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Follies 2016 Review: 👍

David Pardy (4L)

Alright, everyone, I’m going to keep this review positive so that Aron Nimani doesn’t write me a response.[1]

Nah, nah, I joke. Even if a shirtless Aron holding a foam sword and wearing a plastic Viking horn cap weren’t hissing dark and twisted threats into my ear as I write this, I would confidently say that Follies 2016 was the best Follies I have ever seen. So fetch. And if you disagree, shut up.

Whatever Rona Ghanbari and her team did, it worked. Phenomenally. (Apparently there was a lot of cutting, adjusting, rewriting, etc. in the Writer’s Room.) The pacing of the show was fluid and nice (that may also have been the effects of alcohol, but that’s just part of the experience); the music was legitimately great (not “great” like you say to your niece at her 5th grade school performance); the skits were witty as fuck (for lack of a better word); the jokes were topical (more on this later); there was a perfect amount of professors (strong, but not too much, and their jokes were not granola old-person jokes); and the one serious bit about the TRC Recommendation #28 made everything seem somehow less douche-y than a bunch of type-A corporate-minded soon-to-be suit-wearing lawyers showcasing their talents in front of everyone (more on this later).

The diversity of joke material this year was really impressive (and I don’t mean “diversity” in the sense of David St. Bernard being in every frame of the U of T Law promo video). Dora the Explorer, The Reasonable Man, Vikings, Intro to Crime, the “Artistic Min” interpretive dance, “Uptown Firm,” and the Firm Stereotype videos (and more, as per below) were all original. And by original I mean that the Follies writers either came up with it by themselves or they simply didn’t care to cite the original authors. Oh…and by original, I also mean it wasn’t another joke about debt, tuition, or the new building. Oh…and by original, I definitely don’t mean originalist like Scalia, who the band unabashedly put to shame (bold move, but I was into it).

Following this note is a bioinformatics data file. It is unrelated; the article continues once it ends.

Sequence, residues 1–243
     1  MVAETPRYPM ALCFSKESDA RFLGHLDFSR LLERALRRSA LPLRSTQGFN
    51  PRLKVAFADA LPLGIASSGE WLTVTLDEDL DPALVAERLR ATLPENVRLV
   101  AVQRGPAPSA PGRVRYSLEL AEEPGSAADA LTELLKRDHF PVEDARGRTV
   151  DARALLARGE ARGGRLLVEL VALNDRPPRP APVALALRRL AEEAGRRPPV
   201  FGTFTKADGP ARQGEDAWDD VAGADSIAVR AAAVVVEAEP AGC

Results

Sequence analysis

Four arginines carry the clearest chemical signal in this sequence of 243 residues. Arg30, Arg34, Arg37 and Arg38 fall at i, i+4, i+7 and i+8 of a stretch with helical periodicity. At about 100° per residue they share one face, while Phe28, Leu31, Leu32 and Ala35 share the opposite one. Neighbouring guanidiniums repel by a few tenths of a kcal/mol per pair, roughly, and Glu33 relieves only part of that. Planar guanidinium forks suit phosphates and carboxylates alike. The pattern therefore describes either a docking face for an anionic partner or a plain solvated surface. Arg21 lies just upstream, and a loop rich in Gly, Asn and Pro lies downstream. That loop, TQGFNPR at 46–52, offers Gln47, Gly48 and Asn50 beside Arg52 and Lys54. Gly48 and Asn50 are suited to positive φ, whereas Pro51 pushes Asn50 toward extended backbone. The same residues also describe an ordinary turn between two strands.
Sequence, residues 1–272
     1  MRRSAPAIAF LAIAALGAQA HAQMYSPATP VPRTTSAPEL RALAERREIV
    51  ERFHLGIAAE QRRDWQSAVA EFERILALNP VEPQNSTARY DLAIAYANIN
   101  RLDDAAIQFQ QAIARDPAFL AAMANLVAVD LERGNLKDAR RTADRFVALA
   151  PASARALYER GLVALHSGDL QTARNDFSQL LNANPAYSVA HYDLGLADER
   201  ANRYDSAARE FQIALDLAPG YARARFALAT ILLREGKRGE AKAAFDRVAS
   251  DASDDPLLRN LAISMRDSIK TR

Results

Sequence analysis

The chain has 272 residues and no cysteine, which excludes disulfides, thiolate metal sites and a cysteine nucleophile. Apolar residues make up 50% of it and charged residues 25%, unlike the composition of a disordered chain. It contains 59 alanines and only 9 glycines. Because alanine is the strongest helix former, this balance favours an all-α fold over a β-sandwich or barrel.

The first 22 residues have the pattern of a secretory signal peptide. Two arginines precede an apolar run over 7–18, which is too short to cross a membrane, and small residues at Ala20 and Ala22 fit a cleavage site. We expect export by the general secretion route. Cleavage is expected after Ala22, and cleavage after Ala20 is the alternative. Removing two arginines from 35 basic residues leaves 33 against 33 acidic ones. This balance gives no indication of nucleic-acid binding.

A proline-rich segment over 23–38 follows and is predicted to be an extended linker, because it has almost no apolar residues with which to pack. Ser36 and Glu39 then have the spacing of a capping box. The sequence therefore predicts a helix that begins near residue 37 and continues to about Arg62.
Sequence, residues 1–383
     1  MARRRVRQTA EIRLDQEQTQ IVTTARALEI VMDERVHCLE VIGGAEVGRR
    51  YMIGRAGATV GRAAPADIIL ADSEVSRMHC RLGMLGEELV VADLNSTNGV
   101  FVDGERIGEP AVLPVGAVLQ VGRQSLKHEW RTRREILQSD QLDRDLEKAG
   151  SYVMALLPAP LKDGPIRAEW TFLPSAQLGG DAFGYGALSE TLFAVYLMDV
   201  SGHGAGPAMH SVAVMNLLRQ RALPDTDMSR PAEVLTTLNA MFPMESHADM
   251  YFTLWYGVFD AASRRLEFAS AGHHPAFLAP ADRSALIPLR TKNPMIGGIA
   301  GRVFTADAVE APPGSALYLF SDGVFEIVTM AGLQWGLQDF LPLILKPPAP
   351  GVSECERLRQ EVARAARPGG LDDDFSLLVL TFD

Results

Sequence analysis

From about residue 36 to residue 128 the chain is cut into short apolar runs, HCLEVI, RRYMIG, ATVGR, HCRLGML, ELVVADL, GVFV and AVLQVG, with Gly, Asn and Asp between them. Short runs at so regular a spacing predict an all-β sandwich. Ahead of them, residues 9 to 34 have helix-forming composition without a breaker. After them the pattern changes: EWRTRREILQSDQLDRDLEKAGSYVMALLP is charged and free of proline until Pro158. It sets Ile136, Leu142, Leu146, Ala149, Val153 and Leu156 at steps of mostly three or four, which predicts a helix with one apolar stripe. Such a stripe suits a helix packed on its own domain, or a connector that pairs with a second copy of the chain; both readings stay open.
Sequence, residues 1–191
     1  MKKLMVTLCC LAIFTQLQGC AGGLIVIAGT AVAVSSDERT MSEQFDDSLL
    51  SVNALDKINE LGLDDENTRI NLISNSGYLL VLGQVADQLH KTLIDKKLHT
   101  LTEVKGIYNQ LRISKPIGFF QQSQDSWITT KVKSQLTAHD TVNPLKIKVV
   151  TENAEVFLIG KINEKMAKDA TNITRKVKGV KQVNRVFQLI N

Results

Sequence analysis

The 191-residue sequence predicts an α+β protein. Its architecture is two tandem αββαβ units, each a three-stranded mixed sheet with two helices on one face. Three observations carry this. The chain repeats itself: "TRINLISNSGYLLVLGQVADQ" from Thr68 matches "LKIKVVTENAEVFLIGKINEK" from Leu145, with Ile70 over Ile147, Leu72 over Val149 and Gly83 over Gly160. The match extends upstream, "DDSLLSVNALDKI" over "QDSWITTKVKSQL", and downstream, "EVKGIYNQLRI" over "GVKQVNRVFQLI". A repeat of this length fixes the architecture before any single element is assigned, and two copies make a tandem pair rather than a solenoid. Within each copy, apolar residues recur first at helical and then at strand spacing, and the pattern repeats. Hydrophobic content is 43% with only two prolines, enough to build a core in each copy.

Rona Ghanbari (2L) and Jordyn Benattar (1L) in the Dora the Explorer sketch - Photo by Alex Wong (3L)
Rona Ghanbari (2L) and Jordyn Benattar (1L) in the Dora the Explorer sketch – Photo by Alex Wong (3L)

“Dickler” (dick Hitler) was hilarious. And the spawning hypothesis that all jokes descend into Hitler or dick jokes was either true or a privileged/patriarchal comment on the status of Jews and women in the entertainment industry (whichever you choose). As a fun mental image to keep you going through the rest of this review, know that Alarie completely lost his shit at the Dickler thing. Like, to him, it was even funnier than that time Joe McGrade showed up to only one out of twenty-four Income Tax classes last year.

The running theme on LexisNexis and Westlaw owning the CircleClerk and PlentyOfFish J dating apps was also really funny. Not just because Gabriel Edelson looks “T to the A, to the S T E Y – girl, you’re tastey” in an old wig. And not just because app-based dating has led to the commoditization of human intimacy (lol!). But also because WestLaw and LexisNexis are an oppressive oligopoly to which many of us will pay hundreds of thousands of dollars in fees for using their service that is basically just search such as that Larry Page and Sergy Brin built in their garage for free and open use in 1998. Silly right? Also, did you know that Dave Marshall actually made the CircleClerk and PlentyOfFish J apps so that he could shoot the videos? And also edited thirteen videos in the show? Wow-ee!